January 2006 -- 4.1%
    January 2007 -- 3.3%
    January 2008 -- 2.3%
    January 2009 -- 5.8%
    January 2010 -- 0.0%
    January 2011 -- 0.0%
    January 2012 -- 3.6%
    January 2013 -- 1.7%
    January 2014 -- 1.5%
    January 2015 -- 1.7%


    So, the government has graciously given Americans an extra .20% during the past 16 years! This is 1/5th of 1%! For example, if a person was receiving $1000 per month in 2000, in 2016 the government gave Americans $2 extra dollars per payment (1% of $1000 = $10/5 = $2)! Of course, we can read any number of scholarly articles that propose the government's CPI inflation rates are grossly understated...after all...the government has a great incentive to understate inflation...
     
  4. OldManOnFire

    OldManOnFire Well-Known Member

    Joined:
    Jul 2, 2008
    Messages:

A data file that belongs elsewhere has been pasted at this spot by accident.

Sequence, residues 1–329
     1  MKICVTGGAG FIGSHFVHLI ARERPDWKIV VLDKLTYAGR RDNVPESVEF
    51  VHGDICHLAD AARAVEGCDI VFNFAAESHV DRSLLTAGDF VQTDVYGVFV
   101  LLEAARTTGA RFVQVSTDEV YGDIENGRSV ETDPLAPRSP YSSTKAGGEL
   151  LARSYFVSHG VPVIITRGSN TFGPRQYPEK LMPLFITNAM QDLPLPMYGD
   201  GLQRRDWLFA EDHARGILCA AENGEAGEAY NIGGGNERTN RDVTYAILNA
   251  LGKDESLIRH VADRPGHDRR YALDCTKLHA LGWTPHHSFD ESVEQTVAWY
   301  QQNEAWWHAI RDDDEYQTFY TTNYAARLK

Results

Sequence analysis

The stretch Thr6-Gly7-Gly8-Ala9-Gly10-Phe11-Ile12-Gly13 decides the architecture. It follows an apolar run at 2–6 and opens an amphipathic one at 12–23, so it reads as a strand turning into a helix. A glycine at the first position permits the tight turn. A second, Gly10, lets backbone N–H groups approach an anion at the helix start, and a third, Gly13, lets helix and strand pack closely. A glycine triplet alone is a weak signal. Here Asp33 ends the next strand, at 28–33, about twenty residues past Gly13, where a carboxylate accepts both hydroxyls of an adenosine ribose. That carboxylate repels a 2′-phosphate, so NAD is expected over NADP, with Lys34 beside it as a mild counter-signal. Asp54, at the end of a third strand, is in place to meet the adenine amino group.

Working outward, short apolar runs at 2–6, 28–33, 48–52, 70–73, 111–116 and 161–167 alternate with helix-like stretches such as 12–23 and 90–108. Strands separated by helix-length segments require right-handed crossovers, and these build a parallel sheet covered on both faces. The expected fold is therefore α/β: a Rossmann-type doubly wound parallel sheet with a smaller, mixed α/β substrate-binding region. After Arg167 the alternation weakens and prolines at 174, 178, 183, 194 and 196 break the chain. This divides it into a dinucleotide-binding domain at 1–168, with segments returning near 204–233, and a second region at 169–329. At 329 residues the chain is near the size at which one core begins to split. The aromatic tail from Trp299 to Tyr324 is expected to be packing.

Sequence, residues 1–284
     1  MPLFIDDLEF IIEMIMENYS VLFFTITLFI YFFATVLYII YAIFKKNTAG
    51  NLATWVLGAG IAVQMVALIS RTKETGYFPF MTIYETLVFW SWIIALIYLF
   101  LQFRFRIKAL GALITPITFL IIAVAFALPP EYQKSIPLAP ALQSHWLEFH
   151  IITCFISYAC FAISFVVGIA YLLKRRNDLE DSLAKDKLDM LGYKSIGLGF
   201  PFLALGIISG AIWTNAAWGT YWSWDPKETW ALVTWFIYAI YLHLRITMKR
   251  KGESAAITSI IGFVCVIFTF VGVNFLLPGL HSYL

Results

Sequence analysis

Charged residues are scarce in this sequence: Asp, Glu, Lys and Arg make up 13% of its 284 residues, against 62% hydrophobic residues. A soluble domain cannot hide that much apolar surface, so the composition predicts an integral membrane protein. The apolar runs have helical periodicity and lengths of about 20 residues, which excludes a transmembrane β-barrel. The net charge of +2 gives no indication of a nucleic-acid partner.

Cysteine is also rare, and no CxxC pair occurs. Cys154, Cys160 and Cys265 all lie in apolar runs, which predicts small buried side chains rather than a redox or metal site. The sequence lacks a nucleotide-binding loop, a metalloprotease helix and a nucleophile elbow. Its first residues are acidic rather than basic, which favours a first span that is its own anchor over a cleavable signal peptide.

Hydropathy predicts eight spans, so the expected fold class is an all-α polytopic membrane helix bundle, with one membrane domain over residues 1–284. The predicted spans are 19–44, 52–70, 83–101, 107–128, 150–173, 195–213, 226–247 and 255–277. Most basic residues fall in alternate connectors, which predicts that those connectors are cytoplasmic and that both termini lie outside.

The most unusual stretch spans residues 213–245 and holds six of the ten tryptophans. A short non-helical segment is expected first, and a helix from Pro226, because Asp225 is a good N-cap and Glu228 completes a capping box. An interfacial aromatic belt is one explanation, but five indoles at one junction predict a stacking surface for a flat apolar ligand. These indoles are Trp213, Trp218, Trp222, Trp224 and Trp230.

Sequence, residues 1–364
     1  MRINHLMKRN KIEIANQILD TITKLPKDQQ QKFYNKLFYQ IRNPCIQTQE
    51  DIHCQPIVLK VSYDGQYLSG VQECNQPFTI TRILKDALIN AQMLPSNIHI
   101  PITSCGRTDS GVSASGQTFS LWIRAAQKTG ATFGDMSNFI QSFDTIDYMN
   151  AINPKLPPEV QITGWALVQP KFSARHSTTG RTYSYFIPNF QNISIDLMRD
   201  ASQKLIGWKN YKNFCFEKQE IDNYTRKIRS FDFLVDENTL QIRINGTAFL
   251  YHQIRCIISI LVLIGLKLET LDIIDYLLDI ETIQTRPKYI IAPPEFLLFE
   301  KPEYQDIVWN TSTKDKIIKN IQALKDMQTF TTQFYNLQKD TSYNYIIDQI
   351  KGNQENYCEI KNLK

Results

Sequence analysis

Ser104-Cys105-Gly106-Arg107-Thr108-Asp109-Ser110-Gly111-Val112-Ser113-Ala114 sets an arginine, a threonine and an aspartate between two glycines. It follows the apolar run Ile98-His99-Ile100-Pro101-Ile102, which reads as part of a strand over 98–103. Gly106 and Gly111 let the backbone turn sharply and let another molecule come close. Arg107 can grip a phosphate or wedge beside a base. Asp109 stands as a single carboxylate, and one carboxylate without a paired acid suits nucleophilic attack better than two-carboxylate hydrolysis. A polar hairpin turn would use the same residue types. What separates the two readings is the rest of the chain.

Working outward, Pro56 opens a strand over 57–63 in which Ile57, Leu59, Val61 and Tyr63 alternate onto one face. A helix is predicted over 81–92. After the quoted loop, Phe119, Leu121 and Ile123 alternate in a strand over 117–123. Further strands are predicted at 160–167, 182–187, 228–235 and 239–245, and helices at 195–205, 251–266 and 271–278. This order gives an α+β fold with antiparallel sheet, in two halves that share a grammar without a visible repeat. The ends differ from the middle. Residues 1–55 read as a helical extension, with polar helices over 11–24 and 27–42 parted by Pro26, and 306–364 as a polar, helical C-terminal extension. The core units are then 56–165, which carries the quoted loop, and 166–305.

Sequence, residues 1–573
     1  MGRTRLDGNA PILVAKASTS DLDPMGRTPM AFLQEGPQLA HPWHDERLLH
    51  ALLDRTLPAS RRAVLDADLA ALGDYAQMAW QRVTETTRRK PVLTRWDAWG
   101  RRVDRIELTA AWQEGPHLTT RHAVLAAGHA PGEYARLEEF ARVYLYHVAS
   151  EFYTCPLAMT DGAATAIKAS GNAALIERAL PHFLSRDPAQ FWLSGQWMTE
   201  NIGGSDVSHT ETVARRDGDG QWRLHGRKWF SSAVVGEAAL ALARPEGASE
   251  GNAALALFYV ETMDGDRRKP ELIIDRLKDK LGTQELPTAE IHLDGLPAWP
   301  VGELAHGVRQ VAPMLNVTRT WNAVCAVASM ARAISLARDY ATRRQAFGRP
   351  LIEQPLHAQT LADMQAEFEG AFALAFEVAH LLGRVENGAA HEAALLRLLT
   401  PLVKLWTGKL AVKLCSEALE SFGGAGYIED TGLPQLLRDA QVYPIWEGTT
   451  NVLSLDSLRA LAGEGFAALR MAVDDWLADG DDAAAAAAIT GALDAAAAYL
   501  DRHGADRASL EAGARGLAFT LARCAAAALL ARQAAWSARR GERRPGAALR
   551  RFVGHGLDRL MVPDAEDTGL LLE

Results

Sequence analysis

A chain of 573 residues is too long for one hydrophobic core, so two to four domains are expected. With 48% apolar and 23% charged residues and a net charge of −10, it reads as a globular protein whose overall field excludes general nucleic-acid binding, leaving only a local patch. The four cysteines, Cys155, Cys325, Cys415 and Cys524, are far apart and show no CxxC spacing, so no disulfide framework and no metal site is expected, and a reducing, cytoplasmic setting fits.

19,239
    Likes Received:
    924
    Trophy Points:
    113
    For compassionate reasons more than logical and budgetary reasons, I wonder the pros and cons of a one-time process to increase SS benefits 2% plus the CPI rate for five consecutive years? And I'm only talking about SS recipients over retirement age and not including SSI, etc. I have no idea so I'm 100% guessing here, but assuming the average SS payout is $12,000 per year, and that we have 40 million SS recipients over retirement age, this comes to $480 billion, so the mandatory 2% increase per year would amount to $9.6 billion per year. Over five years this would be $48 billion. On average for the next few years the US is spending $4 trillion each year so $9.6 billion extra for SS would amount to about .24%, or 1/4th of 1%, of the annual US budget.
     
  5. Deckel

    Deckel Well-Known Member Past Donor

    Joined:
    Nov 2, 2014
    Messages:
    17,613
    Likes Received:
    2,038
    Trophy Points:
    113
    The US has a bad habit of spending every dollar in new revenue like 4 or 5 times in each budget in case you haven't noticed.
     
  6. OldManOnFire

    OldManOnFire Well-Known Member

    Joined:
    Jul 2, 2008
    Messages:
    19,239
    Likes Received:
    924
    Trophy Points:
    113